It is also possible schools could remain closed to most pupils for a longer period, in line with extending the lockdown to 5 March.

Work carried out in homes

The executive says workers, builders, tradespeople and other professionals can continue to go into people's houses to carry out work such as repairs, installations and deliveries.

But it does not define further what this type of work should include.

It is possible ministers could tighten the circumstances in which work can be carried out in someone's home, but the guidance already specifies a limited number of exemptions for allowing others inside your home during the lockdown.

House moves are also allowed under the regulations, although they were paused in the first lockdown.

Music lessons and private tutoring are permitted in someone's home, with mitigations.


During the first week of lockdown from 26 December, people were told not to leave their homes between 20:00 and 06:00 every day - effectively amounting to a curfew.

Ministers could decide to impose the measure again, if they felt that was necessary - but initially it was imposed to stop house parties over New Year's Eve.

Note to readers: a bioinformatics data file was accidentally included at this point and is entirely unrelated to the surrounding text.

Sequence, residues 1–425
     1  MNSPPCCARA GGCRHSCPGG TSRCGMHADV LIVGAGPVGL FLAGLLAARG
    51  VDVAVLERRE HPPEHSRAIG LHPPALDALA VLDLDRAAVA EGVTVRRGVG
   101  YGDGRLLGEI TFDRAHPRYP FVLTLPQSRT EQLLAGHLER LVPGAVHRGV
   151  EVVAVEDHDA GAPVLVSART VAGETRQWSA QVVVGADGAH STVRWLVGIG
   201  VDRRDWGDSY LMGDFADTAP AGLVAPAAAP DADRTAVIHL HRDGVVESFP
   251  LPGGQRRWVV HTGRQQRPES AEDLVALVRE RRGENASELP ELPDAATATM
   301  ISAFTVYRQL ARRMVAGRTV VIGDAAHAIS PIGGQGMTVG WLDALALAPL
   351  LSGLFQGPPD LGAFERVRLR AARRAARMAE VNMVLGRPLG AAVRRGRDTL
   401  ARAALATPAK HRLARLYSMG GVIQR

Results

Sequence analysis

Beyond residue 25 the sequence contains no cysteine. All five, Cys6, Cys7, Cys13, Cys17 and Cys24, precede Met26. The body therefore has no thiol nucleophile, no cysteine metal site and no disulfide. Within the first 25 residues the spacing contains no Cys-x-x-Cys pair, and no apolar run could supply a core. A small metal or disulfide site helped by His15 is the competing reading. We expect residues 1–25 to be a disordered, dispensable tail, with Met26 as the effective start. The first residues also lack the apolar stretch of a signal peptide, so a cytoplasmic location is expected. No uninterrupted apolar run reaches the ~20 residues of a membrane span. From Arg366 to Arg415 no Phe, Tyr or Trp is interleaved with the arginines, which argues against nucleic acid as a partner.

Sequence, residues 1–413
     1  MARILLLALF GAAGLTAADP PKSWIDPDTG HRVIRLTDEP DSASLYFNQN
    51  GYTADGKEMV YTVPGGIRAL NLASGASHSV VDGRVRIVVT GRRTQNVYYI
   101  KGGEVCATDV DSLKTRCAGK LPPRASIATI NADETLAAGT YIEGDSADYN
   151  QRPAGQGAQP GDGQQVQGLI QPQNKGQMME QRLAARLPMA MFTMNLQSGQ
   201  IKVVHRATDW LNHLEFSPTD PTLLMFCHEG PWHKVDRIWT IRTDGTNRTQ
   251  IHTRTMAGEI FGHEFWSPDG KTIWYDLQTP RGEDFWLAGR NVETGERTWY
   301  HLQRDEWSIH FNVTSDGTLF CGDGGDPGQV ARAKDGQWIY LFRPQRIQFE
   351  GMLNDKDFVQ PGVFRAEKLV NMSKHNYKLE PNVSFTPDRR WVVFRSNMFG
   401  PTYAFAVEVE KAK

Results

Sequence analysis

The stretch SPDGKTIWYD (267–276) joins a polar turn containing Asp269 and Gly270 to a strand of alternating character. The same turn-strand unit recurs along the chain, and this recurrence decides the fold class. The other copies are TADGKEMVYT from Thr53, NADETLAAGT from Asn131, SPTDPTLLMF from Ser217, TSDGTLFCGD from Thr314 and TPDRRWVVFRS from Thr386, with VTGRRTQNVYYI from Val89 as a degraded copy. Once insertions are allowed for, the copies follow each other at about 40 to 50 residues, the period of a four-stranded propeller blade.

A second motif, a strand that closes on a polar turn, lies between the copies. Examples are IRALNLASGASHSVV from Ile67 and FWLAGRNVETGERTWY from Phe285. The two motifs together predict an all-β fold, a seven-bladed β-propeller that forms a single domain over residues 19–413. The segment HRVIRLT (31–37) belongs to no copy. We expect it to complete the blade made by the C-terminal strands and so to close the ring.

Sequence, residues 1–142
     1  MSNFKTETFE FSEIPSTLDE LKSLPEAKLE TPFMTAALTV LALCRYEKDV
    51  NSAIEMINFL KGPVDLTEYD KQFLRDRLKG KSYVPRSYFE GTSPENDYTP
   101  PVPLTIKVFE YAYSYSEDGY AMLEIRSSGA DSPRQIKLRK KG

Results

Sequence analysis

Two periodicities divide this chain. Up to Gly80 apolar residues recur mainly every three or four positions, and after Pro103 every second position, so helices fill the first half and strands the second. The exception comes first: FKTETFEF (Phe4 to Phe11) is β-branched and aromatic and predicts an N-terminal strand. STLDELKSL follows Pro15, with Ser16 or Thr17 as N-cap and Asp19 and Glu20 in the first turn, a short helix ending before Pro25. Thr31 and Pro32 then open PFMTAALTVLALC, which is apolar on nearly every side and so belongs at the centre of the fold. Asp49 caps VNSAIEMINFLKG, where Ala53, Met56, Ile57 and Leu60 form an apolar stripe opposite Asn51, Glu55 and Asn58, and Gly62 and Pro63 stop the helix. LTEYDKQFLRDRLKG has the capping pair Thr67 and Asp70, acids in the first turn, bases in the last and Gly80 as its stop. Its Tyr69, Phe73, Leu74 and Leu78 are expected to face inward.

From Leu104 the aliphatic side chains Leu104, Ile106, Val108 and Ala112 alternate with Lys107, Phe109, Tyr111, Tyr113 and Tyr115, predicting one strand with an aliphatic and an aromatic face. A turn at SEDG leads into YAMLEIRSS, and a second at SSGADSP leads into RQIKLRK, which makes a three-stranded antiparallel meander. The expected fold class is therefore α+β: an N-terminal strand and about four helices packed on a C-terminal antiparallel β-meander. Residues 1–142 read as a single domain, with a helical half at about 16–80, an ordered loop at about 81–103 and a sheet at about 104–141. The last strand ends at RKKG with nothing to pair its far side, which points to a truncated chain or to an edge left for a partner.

All but essential travel is not permitted outside of Northern Ireland, and anyone entering Northern Ireland must self-isolate for 10 days on arrival or face a fine.

However, there is no formal travel ban on passengers from Great Britain or the Republic of Ireland entering Northern Ireland.

The executive had voted by a majority before Christmas not to impose such a ban, despite calls from Sinn Féin for it to happen.

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Other parties argued that the public health advice did not propose a ban in law, and that travel from the Republic of Ireland to NI should be restricted as well due to its rise in cases.

The current guidance states that anyone coming into NI from within the Common Travel Area who is staying for more than 24 hours should self-isolate for 10 days, but there are exemptions for those who "cross the border" regularly for work or other essential reasons.

The executive also does not have a formal limit in law for travelling to exercise, unlike in the Republic of Ireland where it is 5km (3 miles).

Justice Minister Naomi Long said there is an "advisory limit" of 10 miles for exercise in Northern Ireland.